This scale is evaluated on the basis of the results of an interview held with the patient, observations made during the interview and information obtained from people close to the patient (relatives, therapy team). The scale measures the level and distribution of and change in negative symptoms in schizophrenia. SANS includes five subscales and these subscales are affective flattening, alogia, apathy, anhedonia, and lack of attention. The scale uses a six-point Likert-type measurement. In assessing the validity and reliability of the Turkish version of SANS, no cut-off score has been calculated. [13],[14],[15]

Scale for the Assessment of Positive Symptoms

This scale is based on the same evaluation parameters as SANS. The aim of SAPS is to measure the level and distribution of and change in positive symptoms in schizophrenia. SAPS include 4 subscales and these subscales are hallucinations, delirium, weird behavior, and formal conception disorder. In common with SAPS, the scale uses a six-point Likert-type measurement. The Turkish version is not based on validity studies; the internal consistency of the scale is used as an indication. [13],[14],[16]

Calgary Depression Scale for Schizophrenia

This scale, developed by Addington et al., is based on the same assessment parameters as SANS and SAPS. In contrast to these two scales, CDSS evaluates depression and measures the level of and change in depressive symptoms. CDSS consists of nine articles and uses a four-point Likert-type measurement. The reliability and validity of the Turkish version have been established by Aydemir et al. [15],[16],[17],[18]

Udvalg for Kliniske Undersogelser (Side Effect Scale)

The UKU scale evaluates causal relationships resulting from side effects associated with the use of psychotropic drugs. The side effects are evaluated under various headings including psychological, neurological, and autonomic. The UKU is made up of 52 articles in total. The reliability of the Turkish version of the UKU has yet to be established. [19],[20]

Clinical Global Impressions Scale

This scale assesses the effect of depression on the patient and the response of the patient to treatment during clinical studies. CDI is divided into two categories defined as the impact of the disease and the general improvement provided by drug treatment. [21]

Brief Disability Questionnaire

The BDQ evaluates the patient's physical and social disability. A test-repeat, test reliability study was conducted in the Turkish version. The questionnaire contains two articles relating to daily jobs and the number of days spent in bed in the previous month. [19],[22]

Case and control subjects alike underwent 30-45 min oral interviews conducted by a designated study coordinator (E.K.). The coordinator gathered information about demographic characteristics, social habits, and a large variety of symptoms suggestive of reflux disease or other gastrointestinal conditions.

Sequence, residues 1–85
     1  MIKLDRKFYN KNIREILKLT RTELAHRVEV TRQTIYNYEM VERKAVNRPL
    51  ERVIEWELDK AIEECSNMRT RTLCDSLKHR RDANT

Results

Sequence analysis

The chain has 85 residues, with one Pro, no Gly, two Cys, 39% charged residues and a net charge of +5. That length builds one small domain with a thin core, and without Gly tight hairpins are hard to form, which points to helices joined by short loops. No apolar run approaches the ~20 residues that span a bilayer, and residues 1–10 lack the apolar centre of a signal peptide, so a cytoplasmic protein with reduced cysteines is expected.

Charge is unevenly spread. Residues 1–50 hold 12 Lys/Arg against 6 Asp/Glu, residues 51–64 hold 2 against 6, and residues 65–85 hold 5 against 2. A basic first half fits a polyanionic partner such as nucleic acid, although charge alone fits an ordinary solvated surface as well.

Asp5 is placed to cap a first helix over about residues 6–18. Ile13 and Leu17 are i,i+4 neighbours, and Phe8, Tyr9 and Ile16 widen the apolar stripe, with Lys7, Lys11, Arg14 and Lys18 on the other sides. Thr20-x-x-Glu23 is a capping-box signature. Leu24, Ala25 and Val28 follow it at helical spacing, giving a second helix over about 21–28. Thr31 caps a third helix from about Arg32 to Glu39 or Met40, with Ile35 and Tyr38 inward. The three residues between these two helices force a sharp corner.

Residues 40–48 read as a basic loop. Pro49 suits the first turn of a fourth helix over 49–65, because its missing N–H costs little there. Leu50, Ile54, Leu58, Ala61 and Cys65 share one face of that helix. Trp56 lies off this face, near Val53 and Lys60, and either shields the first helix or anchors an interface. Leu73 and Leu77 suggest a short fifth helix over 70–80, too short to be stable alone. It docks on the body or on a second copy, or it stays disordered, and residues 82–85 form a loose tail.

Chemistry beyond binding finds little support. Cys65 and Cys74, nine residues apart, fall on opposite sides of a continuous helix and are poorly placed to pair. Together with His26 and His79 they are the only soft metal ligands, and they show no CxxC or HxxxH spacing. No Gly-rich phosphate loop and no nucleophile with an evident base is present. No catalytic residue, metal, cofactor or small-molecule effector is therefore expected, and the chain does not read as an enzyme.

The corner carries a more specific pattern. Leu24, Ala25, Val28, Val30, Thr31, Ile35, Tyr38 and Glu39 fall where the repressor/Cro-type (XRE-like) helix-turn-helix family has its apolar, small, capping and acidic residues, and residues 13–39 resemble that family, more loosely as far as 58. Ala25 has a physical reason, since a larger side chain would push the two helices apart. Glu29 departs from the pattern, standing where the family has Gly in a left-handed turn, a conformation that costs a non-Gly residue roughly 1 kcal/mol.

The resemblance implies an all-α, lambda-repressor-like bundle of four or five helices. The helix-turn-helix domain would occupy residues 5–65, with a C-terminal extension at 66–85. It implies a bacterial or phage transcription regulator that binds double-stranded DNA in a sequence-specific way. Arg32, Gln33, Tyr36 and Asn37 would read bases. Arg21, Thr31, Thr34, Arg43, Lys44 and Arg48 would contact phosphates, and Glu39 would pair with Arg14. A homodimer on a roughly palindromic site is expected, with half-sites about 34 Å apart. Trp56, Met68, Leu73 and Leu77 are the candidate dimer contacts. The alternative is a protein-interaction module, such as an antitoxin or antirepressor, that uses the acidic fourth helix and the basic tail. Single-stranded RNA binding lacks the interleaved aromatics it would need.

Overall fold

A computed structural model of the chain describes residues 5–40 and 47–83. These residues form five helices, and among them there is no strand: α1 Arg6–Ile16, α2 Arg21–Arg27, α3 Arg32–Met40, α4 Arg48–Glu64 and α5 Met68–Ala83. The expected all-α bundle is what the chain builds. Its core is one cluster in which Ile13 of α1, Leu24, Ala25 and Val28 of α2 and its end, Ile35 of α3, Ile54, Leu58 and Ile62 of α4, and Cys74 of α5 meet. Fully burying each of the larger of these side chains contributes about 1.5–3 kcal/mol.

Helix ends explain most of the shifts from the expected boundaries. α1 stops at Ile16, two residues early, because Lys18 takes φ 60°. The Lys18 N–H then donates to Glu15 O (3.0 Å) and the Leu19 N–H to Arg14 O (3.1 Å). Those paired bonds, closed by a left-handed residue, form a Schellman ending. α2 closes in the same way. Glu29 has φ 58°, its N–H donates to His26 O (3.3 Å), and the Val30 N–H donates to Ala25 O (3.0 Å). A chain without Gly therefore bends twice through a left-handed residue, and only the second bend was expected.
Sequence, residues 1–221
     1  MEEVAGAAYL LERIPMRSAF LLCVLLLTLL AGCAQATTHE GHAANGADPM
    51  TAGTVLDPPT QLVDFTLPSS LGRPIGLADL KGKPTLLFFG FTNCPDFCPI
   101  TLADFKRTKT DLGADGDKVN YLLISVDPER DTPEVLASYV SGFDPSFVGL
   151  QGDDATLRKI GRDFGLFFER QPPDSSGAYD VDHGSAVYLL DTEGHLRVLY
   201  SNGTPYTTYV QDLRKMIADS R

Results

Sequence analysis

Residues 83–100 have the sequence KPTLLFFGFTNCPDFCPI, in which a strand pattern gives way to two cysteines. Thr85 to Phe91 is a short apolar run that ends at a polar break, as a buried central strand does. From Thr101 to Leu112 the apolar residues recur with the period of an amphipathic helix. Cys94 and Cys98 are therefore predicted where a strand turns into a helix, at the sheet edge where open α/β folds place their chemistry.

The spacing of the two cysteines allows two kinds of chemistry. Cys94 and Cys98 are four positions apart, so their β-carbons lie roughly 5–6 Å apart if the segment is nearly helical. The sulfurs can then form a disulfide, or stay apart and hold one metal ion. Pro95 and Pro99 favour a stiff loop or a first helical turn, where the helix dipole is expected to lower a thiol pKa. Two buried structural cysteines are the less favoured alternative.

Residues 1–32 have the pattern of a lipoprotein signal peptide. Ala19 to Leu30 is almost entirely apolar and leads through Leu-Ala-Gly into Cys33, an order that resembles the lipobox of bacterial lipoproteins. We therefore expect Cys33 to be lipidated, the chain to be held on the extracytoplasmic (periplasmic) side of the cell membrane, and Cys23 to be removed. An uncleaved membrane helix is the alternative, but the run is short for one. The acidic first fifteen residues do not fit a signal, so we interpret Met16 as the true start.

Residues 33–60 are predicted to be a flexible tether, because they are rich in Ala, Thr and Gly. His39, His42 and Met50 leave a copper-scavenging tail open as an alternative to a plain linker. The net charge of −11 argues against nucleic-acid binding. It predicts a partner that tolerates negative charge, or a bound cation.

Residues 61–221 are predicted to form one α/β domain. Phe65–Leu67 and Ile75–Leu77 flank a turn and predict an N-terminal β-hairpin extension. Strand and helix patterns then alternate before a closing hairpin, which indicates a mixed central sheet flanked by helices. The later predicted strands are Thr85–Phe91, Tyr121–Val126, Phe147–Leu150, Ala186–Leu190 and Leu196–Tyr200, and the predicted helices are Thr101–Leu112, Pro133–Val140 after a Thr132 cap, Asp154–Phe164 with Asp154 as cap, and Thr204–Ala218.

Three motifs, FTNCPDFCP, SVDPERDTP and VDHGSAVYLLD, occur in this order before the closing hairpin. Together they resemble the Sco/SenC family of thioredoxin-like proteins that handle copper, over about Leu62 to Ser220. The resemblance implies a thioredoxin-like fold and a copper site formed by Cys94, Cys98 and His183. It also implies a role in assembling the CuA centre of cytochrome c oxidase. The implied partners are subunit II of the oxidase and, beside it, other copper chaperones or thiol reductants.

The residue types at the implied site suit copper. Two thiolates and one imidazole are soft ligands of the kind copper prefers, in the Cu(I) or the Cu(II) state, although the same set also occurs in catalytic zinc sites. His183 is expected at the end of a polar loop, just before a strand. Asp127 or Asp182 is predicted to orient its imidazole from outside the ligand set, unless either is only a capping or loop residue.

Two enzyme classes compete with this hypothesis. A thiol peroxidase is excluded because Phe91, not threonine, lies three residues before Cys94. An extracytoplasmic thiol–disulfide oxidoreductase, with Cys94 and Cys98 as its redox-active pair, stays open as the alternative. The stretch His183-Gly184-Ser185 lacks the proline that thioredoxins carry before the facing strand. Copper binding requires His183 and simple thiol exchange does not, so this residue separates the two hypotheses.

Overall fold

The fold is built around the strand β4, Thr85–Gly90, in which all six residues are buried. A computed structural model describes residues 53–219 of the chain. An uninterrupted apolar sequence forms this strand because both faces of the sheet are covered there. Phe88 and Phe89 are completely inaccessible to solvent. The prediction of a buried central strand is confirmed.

Heartburn was defined as a burning pain or discomfort behind the breastbone in the chest. Acid regurgitation was defined as a bitter or sour-tasting fluid entering the throat or mouth. Chronic cough is defined as a daily cough lasting for more than 8 weeks. Data were not collected on bloating, dyspepsia, or belching. As some psychiatric drugs may precipitate reflux symptoms following treatment were excluded from the study. [23] Cigarette use was ascertained as a history of cigarette smoking (yes or no) and for current smokers, the number of smoked per day. Alcohol use was defined in terms of the number of drinks on average per week during the past year. This study was performed in accordance with the Declaration of Helsinki, good clinical practice and applicable regulatory requirements. Celal Bayar University Institutional Review Board approved this clinical trial on August 2, 2009 with number 159. Informed written consent was obtained from each patient and controls.

Statistics

The data were obtained using Statistical Package for the Social Sciences (SPSS Inc, Chicago,IL 60606-6412) version 12.0 for Windows 7. The Chi-square test and Fisher's exact test were used to determine demographic and social characteristics and disease symptoms among the case studies and controls. Age and lifetime consumption of alcohol or cigarettes were compared using the two tailed t-test. P <0.05 was defined as significant.

The odds ratios and their corresponding 95% confidence intervals served to describe the strength of (influence) associated with each individual predictor variable.


   Results Top


The characteristics and reflux symptoms of the schizophrenic patients and the controls are summarized in [Table 1]. The two groups showed no differences in age, gender, and alcohol consumption (P > 0.05). Cigarette smoking was significantly more common among schizophrenic patients (P < 0.05). In terms of reflux symptoms, cough was the only significant association in schizophrenic patients than controls (P < 0.05).
Table 1: The characteristics and reflux symptoms of the schizophrenic patients and the controls

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Heartburn and regurgitation were more frequent in schizophrenic patients who smoked than in controls who were smokers [Table 2]. However, the prevalence of reflux symptoms in cigarette smokers versus nonsmoker patients with schizophrenia was similar [Table 3].
Table 2: The reflux symptoms of the schizophrenic patients and the controls who smoked

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Table 3: The prevalence of reflux symptoms in cigarette smokers versus nonsmoker patients with schizophrenia

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Heartburn and/or regurgitation occurred more frequently in patients with schizophrenic than controls with alcohol use [Table 4]. However, the prevalence of reflux symptoms in schizophrenic patients who used alcohol and who did not use alcohol was similar [Table 5].